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For Windows Users, 'Browser Hijacking' Is Only the Latest Threat

Step one is to stop sites from throwing pop-ups at you in the first place. Not only will this make the Web vastly more pleasant, it will eliminate the ability of a would-be hijacker to badger you until you accept a software download or home-page switch.

The easiest pop-up blocker to adopt is the free Google Toolbar (toolbar.google.com); you do, however, need to run Internet Explorer 5.5 or newer to get this feature. Or install any other browser -- IE is the only one around these days that still lets in pop-ups. (I'll get back to this in a moment.)

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Step two is to update the Java software on your machine. Java lets you run entire programs in a browser window and, when done right, it's not risky. Its developer, Sun Microsystems, designed it with tight limits on what a Web-based application can and can't do. But these limits must be enforced by a "virtual machine" program that runs on your own computer, and the one Microsoft developed contained a couple of bugs that hijackers abuse.

If you've been keeping your computer's software current with Windows Update, you should have a fixed version of this Microsoft virtual machine. But the better option is to download and install Sun's own, free Java virtual machine (www.java.com), which is both safer and more up-to-date than Microsoft's aging software.

Step three is to get away from something called ActiveX. Developed by Microsoft to compete with Java, it allows a similar sort of Web interactivity, but without any of Java's fail-safe limits: An ActiveX program in a Web page can do anything that a regular Windows program could do on your hard drive.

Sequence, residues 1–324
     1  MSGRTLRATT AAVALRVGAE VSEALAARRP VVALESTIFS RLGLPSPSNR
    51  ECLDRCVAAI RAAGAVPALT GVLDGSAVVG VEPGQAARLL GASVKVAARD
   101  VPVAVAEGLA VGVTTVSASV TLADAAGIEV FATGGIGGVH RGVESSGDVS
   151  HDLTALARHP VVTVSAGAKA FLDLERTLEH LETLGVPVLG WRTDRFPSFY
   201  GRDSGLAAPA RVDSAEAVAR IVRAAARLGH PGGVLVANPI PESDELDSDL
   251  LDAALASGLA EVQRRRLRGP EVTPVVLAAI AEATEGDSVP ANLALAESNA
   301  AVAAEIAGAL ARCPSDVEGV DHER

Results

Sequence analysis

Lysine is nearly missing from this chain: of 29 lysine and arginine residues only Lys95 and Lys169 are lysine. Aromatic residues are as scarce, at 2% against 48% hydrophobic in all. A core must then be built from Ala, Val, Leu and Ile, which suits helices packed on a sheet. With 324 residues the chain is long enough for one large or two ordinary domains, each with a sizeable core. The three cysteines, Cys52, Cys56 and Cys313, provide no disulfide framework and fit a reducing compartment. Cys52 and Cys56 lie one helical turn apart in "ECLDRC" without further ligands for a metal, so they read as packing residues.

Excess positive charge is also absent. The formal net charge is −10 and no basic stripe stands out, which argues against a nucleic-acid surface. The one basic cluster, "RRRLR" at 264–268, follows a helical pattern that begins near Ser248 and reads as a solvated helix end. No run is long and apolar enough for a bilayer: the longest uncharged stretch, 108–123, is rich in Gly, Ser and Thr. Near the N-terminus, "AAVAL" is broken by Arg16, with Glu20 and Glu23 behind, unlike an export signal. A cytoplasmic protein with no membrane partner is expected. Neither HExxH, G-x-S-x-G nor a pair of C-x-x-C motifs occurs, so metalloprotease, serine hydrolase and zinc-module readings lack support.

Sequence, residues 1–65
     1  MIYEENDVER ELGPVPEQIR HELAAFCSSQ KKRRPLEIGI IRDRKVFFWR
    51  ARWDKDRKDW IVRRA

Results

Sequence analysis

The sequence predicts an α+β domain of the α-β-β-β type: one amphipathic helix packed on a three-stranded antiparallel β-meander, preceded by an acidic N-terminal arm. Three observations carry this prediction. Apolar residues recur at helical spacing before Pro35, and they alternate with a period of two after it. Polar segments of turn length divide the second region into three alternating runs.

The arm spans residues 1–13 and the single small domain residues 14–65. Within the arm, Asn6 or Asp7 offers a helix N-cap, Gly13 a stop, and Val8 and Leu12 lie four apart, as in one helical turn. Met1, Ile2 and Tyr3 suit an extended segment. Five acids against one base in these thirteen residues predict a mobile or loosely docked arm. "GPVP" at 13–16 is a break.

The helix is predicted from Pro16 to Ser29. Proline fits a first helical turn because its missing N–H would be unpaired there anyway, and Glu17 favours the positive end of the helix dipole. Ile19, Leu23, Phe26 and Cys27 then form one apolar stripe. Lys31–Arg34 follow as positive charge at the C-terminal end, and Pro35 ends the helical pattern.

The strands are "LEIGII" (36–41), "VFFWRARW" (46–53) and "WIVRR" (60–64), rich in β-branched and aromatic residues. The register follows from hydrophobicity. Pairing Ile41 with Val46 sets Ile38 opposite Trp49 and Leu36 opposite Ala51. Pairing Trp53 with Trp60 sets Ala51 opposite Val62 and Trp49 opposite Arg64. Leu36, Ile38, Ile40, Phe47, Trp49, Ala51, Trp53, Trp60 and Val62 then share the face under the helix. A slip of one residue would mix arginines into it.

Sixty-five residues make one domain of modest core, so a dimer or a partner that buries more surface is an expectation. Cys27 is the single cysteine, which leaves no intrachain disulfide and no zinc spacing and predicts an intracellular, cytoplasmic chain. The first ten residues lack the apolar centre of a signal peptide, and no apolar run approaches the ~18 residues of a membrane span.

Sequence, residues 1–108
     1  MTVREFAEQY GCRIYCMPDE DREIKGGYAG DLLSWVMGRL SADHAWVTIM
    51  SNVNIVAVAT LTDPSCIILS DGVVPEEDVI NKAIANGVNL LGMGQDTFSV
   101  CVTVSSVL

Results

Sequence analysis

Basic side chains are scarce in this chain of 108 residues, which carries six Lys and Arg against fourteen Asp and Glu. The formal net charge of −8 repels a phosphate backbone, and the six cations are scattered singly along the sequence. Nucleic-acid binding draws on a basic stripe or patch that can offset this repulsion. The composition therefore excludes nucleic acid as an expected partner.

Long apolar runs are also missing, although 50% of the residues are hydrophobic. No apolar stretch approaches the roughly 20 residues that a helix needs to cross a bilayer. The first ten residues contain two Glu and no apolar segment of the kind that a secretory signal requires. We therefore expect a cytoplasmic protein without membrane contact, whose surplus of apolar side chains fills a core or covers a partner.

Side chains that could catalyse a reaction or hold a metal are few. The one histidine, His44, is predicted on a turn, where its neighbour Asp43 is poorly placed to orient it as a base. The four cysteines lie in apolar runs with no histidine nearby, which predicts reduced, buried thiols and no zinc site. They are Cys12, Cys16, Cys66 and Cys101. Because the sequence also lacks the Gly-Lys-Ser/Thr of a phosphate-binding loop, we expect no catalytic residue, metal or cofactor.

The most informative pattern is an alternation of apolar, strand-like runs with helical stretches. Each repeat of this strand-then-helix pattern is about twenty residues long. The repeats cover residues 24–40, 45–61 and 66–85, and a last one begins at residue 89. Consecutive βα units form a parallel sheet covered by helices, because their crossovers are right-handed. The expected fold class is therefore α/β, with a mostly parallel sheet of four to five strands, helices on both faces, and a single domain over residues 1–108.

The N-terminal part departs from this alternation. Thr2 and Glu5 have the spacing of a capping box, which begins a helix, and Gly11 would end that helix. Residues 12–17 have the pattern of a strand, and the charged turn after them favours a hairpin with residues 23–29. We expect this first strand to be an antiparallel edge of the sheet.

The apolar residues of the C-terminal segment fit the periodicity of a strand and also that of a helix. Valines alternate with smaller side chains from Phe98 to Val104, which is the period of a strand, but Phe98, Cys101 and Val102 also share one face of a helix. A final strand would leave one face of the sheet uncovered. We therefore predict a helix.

This can have legitimate uses. For instance, Windows Update uses ActiveX to scan for out-of-date components in your copy of Windows, and an ActiveX installer makes it easier to add Sun's Java software to Internet Explorer.

But ActiveX is exceedingly dangerous overall, since it relies on users to make the right call when they are presented with a "do you trust this publisher?" alert from Internet Explorer. Once they click "yes," the ActiveX program can do whatever it wants.

Updates to IE have limited ActiveX's reach, and an upcoming "Service Pack 2" revision for Windows XP will add still more restrictions. But it's wiser to use an ActiveX-free browser for everyday Web activity, reserving Internet Explorer for Windows Update and the occasional site that, because of its authors' inattention, works only in IE.

For most people, the best IE replacement is a free copy of Mozilla (www.mozilla.org), the descendant of Netscape. If you don't mind using a preview release, however, the faster, simpler and also free Mozilla Firefox will be a better fit (www.mozilla.org/projects/firefox/).

If your computer has already been infected, your antivirus program should clean it out. But you may need to resort to such specialized hijack-removal software as Hijack This! or CWShredder (both at http://www.spywareinfo.com/~merijn/downloads.html).

Whatever software you take with you on your Internet travels, you also need to bring some common-sense skepticism. Pushy salesmanship by a strange site deserves the same reception that an aggressive telemarketer would get in the real world: "No."

Living with technology, or trying to? E-mail Rob Pegoraro at rob@twp.com.

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